Saturday, August 4, 2012

A bit of non-library related fun

I must apologize for not posting. Sometimes things happen in life, like fires or accidents, and you're the only one near enough to help. That's what's been going on for the last few months. I won't bore you with details, but my wife and I have been taking care of some matters and helping a few people get their lives in better order.

Anyway, here's some fun, and good clean fun at that.

How To Survive A Robot Uprising (aka Robopocalypse)

I suggest you watch carefully and take notes.

Sunday, July 1, 2012

Google's Neural Network teaches itself to recognize...cats

Some exciting news last week. Google's simulation of a neural network taught itself how to identify cats after a week of watching YouTube videos. Keep in mind that the network had never been given even a single image labeled as a cat; it was never told what a cat was. It taught itself from unlabeled images.

Besides image recognition, this research will have applications in speech recognition and natural language processing. (As in Google's own version of SIRI).

As soon as the neural network believes that it is itself a cat, the feline conquest of the internet and AI will be complete!

Here's the story:

Thursday, May 10, 2012

Emma2 coming soon...

I haven't been blogging much during the last month. Not due to laziness or boredom, but because I've been working on a new bot, "Emma2," written not in AIML but in ChatScript. ChatScript is a relatively new and very successful language for chatbot creation. So far I'm very pleased with the results. Stay tuned!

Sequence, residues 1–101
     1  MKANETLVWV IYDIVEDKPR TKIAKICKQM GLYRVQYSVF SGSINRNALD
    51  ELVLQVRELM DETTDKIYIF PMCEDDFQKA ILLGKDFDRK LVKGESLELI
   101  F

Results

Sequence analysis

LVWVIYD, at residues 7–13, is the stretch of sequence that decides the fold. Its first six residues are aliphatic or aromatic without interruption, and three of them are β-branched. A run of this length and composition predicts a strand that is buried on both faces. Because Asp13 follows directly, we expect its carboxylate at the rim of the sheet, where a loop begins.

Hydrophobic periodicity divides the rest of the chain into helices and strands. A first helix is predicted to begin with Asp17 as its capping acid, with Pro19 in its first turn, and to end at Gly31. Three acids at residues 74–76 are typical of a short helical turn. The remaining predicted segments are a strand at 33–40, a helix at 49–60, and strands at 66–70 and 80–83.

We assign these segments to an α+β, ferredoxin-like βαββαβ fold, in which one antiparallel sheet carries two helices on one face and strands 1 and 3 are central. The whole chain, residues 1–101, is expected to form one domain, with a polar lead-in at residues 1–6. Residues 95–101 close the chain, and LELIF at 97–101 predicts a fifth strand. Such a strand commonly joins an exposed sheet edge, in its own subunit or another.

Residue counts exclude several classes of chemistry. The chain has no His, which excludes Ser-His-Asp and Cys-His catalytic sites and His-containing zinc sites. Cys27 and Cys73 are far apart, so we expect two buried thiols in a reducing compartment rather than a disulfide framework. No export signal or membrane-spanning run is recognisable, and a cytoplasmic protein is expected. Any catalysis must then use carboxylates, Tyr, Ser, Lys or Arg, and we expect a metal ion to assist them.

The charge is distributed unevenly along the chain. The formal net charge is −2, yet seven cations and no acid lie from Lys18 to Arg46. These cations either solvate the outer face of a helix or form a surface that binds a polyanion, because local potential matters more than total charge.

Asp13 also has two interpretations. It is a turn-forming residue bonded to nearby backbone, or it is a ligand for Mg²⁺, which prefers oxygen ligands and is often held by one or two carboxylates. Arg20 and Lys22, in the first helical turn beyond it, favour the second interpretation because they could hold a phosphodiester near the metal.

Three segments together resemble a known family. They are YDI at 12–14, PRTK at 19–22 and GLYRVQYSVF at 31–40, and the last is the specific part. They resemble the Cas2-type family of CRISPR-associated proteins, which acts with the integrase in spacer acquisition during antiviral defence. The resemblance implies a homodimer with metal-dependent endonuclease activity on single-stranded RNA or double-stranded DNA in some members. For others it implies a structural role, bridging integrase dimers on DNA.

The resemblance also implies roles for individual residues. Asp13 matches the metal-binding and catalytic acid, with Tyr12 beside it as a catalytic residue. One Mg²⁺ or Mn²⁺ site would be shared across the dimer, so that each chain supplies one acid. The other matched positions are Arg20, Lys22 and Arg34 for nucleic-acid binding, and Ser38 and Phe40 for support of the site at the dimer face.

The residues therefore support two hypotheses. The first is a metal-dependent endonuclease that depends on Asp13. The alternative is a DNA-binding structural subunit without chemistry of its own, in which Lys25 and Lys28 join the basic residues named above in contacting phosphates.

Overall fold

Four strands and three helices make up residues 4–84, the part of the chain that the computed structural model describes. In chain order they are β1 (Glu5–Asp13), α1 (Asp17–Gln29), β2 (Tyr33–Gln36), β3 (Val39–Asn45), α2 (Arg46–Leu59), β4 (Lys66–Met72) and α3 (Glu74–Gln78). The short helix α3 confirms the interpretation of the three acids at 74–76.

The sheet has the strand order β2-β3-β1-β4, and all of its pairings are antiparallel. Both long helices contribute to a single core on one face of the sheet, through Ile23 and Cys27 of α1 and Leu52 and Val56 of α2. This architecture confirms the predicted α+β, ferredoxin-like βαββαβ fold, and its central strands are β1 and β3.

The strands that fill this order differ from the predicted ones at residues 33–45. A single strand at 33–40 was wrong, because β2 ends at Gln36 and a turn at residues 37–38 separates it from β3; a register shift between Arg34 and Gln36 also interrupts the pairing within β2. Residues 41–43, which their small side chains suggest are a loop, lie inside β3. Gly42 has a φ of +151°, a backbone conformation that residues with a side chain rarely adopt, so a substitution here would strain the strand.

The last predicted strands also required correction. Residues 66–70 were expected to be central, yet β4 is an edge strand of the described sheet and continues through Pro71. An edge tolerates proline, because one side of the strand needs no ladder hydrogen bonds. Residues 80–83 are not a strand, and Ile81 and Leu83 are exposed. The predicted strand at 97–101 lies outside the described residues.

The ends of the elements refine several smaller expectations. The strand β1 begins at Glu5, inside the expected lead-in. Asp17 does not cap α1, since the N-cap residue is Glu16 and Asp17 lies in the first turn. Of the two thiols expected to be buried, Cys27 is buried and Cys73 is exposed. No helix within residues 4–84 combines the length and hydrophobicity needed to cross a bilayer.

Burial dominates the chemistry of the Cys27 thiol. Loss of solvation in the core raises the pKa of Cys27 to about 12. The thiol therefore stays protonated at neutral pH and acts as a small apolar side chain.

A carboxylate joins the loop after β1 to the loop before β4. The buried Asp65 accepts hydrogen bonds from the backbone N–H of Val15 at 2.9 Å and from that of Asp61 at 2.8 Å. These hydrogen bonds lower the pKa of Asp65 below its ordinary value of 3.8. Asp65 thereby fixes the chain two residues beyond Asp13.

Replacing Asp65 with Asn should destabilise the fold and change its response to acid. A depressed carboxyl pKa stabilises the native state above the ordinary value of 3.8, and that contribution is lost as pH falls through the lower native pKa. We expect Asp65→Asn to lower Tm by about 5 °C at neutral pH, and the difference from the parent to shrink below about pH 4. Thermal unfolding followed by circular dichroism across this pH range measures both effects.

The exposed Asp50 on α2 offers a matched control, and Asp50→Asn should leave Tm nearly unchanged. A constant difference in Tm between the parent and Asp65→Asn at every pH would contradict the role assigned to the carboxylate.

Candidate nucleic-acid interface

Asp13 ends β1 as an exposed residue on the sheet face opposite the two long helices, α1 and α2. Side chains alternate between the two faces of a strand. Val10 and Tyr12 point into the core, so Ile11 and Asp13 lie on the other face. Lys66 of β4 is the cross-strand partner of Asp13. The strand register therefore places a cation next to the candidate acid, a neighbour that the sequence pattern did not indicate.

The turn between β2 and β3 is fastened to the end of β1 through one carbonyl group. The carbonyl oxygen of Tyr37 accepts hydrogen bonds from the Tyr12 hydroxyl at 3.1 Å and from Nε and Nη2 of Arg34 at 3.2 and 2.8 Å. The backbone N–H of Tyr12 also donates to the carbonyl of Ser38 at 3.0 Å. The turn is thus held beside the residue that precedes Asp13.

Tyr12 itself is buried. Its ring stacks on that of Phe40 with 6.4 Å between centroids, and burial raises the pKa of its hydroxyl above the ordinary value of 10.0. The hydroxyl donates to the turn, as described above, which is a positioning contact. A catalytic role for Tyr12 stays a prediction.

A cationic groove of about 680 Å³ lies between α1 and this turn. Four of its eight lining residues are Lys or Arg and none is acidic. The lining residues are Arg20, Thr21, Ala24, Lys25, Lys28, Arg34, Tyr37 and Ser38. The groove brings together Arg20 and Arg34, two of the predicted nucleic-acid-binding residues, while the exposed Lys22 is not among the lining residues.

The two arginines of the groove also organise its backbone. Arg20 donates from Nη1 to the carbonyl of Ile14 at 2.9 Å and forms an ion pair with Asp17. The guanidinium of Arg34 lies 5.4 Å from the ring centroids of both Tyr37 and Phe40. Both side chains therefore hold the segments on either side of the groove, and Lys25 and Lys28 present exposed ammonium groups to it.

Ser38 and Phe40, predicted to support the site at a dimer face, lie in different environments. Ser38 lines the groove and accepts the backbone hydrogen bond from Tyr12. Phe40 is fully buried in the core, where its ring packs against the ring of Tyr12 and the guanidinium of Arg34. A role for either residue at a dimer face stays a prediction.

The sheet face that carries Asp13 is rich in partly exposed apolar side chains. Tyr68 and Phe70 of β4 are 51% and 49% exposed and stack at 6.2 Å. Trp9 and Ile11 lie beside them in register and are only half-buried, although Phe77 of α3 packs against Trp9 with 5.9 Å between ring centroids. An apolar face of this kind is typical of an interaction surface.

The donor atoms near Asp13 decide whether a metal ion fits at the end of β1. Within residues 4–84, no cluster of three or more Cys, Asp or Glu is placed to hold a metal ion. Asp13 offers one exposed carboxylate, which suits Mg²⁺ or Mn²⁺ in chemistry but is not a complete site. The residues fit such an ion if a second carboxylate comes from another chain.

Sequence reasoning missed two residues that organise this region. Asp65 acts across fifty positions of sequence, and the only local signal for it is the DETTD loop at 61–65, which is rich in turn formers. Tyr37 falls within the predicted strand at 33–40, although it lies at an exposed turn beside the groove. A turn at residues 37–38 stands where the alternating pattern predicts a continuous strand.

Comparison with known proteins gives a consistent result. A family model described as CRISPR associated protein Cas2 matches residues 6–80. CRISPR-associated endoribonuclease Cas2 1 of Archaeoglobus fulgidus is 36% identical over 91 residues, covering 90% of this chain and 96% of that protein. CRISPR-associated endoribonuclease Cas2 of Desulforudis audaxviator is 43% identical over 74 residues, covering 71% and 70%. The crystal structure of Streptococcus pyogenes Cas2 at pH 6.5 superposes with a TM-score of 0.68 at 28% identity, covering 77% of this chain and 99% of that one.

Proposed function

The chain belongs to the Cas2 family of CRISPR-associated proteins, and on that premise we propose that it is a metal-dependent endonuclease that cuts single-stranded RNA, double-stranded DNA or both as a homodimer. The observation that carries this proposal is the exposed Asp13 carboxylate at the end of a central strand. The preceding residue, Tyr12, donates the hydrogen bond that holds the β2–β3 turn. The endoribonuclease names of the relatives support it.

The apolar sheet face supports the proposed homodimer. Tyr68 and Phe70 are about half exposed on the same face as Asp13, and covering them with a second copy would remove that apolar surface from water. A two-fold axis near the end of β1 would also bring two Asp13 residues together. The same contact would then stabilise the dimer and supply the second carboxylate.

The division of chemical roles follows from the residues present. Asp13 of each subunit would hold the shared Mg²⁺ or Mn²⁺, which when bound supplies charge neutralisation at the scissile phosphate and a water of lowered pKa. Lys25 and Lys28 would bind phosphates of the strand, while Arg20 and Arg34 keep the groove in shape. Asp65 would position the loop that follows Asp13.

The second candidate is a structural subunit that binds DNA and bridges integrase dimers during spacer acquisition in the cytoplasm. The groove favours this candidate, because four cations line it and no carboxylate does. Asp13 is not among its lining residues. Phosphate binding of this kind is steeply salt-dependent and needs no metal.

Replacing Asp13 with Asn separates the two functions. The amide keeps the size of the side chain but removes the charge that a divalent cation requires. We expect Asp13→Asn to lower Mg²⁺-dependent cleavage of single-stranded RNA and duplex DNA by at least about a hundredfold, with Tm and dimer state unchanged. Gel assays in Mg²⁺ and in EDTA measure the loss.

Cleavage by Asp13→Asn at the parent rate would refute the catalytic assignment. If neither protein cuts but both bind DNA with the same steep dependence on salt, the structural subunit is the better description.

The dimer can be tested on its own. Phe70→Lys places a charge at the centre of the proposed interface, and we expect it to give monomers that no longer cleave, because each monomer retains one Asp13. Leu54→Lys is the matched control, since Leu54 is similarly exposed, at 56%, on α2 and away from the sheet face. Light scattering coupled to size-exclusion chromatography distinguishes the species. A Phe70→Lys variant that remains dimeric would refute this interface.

Friday, April 13, 2012

Robot with Human Skeleton

Here's something I came across on Twitter and wanted to share. ECCEROBOT is a robot with a structure of mechanical bones, joints, muscles, and tendons inspired by our own human anatomy:

Thursday, April 12, 2012

Computers in Libraries 2012, Chatbots 3.2

Spring is the time for presentations and travel. Last month, Emma (infoTabby) and her human friends presented at Computers in Libraries 2012 and at Chatbots 3.2. Both went well. My apologies for not releasing v1-5b as promised; I decided to skip it entirely and move to v1-6 which gathers the majority of the info you need to edit into one file and allows you to set material type attributes. It's good to be home and back to work!

Friday, March 16, 2012

Robots that fly and cooperate and play music

Michele and Emma and I will be speaking at Computers in Libraries 2012 next week, so there hasn't been much time for blogging. However, here's something you might enjoy, flying robots that cooperate and play the James Bond Theme.

Very cool.

Thursday, February 23, 2012

Facial recognition technology coming to retail stores

From Click Orlando, Bars, stores to use facial recognition technology to increase sales. If you don't want to read the whole article, here's the gist. In a few weeks some businesses in central Florida will start using enhanced facial recognition technology to cater ads to a shopper's age and demographic. In other words, the store will have billboards that can determine your age and gender, then display ads it thinks you'll like based on your age and gender. If you're a 30 year old woman, you'll see ads for shoes and makeup, if you're a 40 year old man, you'll see ads for lawn mowers and grills. Or turkey deep fryers and socket sets, or whatever. Eventually stores will be able to recognize you as an individual and track your spending habits (like they already do). In fact, the FTC "worries about the time when technology becomes so advanced that your social media profiles are scraped for information." Another reason not to share all those deeply personal tidbits on Facebook or Twitter. No one wants to walk into the grocery and have an artificially intelligent billboard start shouting about the great deal it'll give you on Gas-Ex or Listerine. "Come on and buy it, Chuck! You tweeted that was the reason you couldn't get a date!" To avoid this kind of embarrassment, the FTC predicts that "people will be wearing camouflage so they're not picked up by facial recognition trackers all over the place." Well, who knows. Some people can only see the potential for abuse in new technology. I try to be a bit more optimistic.